Mill Ends Park

Coordinates: 45°30′58″N 122°40′24″W / 45.516194°N 122.673226°W / 45.516194; -122.673226
From Simple English Wikipedia, the free encyclopedia
Mill Ends Park, the smallest park in the world, summer 2007

Mill Ends Park (sometimes called Mill's End Park)[1] is a small urban park. It is located in the median strip of SW Naito Parkway, approaching esplanade along the Willamentte Rivera near SW Taylor Street in downtown Portland, Oregon, United States. The park is a small circle 2 ft (0.61 m) across. It has a total area of 452 sq in (0.292 m2). It is the smallest park in the world. This fact was included in the Guinness Book of Records in 1971.[2]

History[change | change source]

The park in summer 2004 (before remodeling)

The park was dedicated on St. Patrick's Day 1948, as "the only leprechaun colony west of Ireland". It was created by Dick Fagan.[3] In 1948 the site that would become Mill Ends Park was supposed to be the site for a light pole. The pole did not work and weeds began to grow. Fagan, writer for the Oregon Journal, planted flowers in the hole. He named it "Mill Ends", after his column. Fagan died of cancer in 1968. It was named the official city park in 1976.[2] The small circle has featured many unusual items since its creation. These include, a swimming pool for butterflies (complete with a diving board), a horseshoe, a piece of the Oregon Journal building, and a small Ferris wheel.

On St. Patrick's Day, 2001, the park was decorated with leprechauns.[2] The park continues to be the site of St. Patrick's Day festivities. The events held there include concerts by Clan Macleay Pipe Band, picnics, and rose plantings by the Junior Rose Festival Court.[3] In March 2013, the park's tree was stolen. Law enforcement planted a replacement tree. The next day, a passerby found the original tree lying next to the new one.[4][5]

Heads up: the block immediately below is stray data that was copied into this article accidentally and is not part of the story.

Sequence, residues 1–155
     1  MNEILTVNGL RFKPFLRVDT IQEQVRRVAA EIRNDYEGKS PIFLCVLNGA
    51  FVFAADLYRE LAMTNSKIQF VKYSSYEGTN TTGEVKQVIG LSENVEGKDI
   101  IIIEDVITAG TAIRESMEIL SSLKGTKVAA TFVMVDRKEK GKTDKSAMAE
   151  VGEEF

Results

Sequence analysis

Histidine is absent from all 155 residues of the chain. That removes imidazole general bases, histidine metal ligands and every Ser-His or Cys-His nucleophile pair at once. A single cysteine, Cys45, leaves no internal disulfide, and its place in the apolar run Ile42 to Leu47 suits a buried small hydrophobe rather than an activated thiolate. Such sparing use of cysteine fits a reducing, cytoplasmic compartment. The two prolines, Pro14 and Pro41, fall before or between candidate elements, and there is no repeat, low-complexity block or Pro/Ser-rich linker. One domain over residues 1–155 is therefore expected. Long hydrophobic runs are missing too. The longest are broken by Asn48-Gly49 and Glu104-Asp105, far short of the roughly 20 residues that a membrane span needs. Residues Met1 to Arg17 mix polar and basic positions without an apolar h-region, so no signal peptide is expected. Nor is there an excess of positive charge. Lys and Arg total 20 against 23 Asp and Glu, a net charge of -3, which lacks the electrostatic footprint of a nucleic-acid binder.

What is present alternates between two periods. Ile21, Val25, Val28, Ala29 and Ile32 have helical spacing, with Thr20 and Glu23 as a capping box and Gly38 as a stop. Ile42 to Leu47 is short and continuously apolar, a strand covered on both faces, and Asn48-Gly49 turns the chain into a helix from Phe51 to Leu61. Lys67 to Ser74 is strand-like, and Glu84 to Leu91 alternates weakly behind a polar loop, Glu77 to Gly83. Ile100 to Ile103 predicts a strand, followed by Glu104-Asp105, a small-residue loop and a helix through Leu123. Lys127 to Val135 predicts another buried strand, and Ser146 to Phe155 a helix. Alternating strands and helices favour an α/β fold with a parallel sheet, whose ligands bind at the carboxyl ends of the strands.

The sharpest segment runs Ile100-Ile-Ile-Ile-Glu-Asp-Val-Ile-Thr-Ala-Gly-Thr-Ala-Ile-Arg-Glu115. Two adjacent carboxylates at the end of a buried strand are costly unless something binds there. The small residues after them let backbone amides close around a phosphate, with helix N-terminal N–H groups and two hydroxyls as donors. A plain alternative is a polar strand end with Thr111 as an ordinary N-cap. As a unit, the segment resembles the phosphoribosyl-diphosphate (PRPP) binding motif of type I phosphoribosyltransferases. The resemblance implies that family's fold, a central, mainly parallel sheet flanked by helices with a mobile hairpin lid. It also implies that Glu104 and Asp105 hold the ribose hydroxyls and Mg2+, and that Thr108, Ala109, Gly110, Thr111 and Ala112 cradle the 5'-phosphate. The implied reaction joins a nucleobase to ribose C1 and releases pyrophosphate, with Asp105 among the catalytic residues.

References[change | change source]

  1. "". Archived from the original on 2008-03-21. Retrieved 2013-07-10.
  2. 2.0 2.1 2.2 Young, Amalie (May 6, 2001). "One step and you've left Mill Ends Park". The Los Angeles Times. Associated Press. Retrieved July 15, 2011.
  3. 3.0 3.1 City of Portland. "Portland Parks and Recreation: Mill Ends Park". Retrieved 8 July 2010.
  4. Hottman, Sara (March 7, 2013). "Tree Stolen from Mill Ends Park Replaced – For the Good of Leprechauns, Officials Say". The Oregonian. Retrieved 2013-03-09.
  5. Hottman, Sara (March 8, 2013). "Tree Stolen from Portland's Mill Ends Park Returned – Maybe Leprechaun Magic, Maybe Remorse, Officials Say". The Oregonian. Retrieved 2013-03-09.

Other websites[change | change source]

45°30′58″N 122°40′24″W / 45.516194°N 122.673226°W / 45.516194; -122.673226